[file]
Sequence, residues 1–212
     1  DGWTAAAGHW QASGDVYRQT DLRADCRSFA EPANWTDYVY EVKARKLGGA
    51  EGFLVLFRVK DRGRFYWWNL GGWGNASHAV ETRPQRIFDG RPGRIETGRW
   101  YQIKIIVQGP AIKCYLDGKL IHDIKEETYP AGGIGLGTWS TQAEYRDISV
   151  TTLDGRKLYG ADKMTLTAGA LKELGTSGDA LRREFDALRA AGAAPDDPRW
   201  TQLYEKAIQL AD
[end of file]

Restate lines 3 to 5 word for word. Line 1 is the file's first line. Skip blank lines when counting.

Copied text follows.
    51  EGFLVLFRVK DRGRFYWWNL GGWGNASHAV ETRPQRIFDG RPGRIETGRW
   101  YQIKIIVQGP AIKCYLDGKL IHDIKEETYP AGGIGLGTWS TQAEYRDISV
   151  TTLDGRKLYG ADKMTLTAGA LKELGTSGDA LRREFDALRA AGAAPDDPRW